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- November 05, 2007
- Vol. 68
- No. 19
Picks and Pans: Books
by Margaret Cezair-Thompson |
REVIEWED BY SUE CORBETT
In 1946, Errol Flynn actually did run aground on Jamaica's coast in his hurricane-ravaged yacht. Seeking shelter from a stateside scandal involving an underage girl, the swashbuckling matinee idol settled in, building a grand pink-and-white villa where he hosted parties for the Hollywood A-list. From those scraps of historical truth, Cezair-Thompson has spun a book-club-ready saga with two gorgeous women at its center—Ida, a light-skinned local girl who has a tryst with Flynn, and May, the daughter of that brief union. Flynn never acknowledges paternity, leaving Ida and May to forge a place for themselves in a land where they belong to neither the wealthy class of expatriates, nor the emerging black majority. Paradise itself is undergoing a transformation, as Jamaicans throw off their British rulers in a messy, violent march toward independent rule. The narrative meanders a bit with forays into sex and drugs and Rasta music, but readers who stay the course are rewarded with a knockout ending that reveals treasure buried beneath sand-encrusted secrets.
by Jonathan Gould |
REVIEWED BY JOSH EMMONS
With a scholar's attention to history and a musician's interest in song craft, Gould provides a thrilling account of how four Liverpool kids translated their love of American rock into a body of music unmatched since they ended their careers as Beatles. The book charts their evolution from three-chord sprints to symphonic masterpieces like "A Day in the Life." If you've ever wanted to know why the Beatles' music is great, look no further.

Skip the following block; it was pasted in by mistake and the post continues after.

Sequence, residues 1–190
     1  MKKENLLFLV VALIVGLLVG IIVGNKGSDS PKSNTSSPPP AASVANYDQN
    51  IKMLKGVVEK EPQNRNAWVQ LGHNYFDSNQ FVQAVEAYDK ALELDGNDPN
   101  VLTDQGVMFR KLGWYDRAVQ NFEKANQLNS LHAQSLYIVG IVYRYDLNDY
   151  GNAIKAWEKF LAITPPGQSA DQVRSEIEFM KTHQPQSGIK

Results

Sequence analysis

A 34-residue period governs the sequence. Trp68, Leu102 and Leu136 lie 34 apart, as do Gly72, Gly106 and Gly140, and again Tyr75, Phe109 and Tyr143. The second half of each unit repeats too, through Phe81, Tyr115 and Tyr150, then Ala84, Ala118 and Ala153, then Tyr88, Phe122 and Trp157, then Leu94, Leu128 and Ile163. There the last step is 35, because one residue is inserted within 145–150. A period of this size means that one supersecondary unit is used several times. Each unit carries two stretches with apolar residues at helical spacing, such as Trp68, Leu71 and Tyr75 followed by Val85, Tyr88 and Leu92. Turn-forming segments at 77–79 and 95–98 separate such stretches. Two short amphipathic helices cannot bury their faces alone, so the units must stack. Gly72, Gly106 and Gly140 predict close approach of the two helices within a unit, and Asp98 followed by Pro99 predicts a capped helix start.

by Nick Hornby |
Hornby, whose youthful obsessions with sports and music launched his writing career, now trains his talents on an actual teen: Sam Jones, who fears impending paternity when he gets an urgent text message from Alicia, the beautiful-but-brainless girl he lost his virginity to just before he turned 16. Terrified, Sam poses soulful questions about his predicament to a poster of his idol, skateboarder Tony Hawk. This Young Adult novel is vintage Hornby: a witty trek inside the emotional life of the modern male.
• A year after coming out in PEOPLE, the former 'N Sync star, now in Hairspray on Broadway, talks about life since then—and his new memoir.
HOW'S YOUR LOVE LIFE? It's the first time in my out gay adult life that I'm able to date, and it's nice. For a while I felt like Dr. Jekyll and Mr. Hyde.
YOU CAME OUT TO BRITNEY SPEARS IN '04—WHY? It was after she got married [to Jason Alexander]. She knew it was going to be a bad day. I felt I needed to share something very personal so she'd feel a little better. So I said, "Well, I'm gay." She was stunned—like, "Okay ..." She's a sweet girl, just a little lost. She needs some old friends in her life. And she'll realize that one day.
IS JUSTIN TIMBERLAKE—WHOM YOU SAY IN YOUR BOOK YOU FELT "BETRAYED" BY WHEN HE LEFT 'N SYNC—STILL IN YOUR LIFE? Justin and I are like brothers. That story isn't that big of a deal to us. I sent him a copy of the book, but I doubt he read it—none of the guys like to read!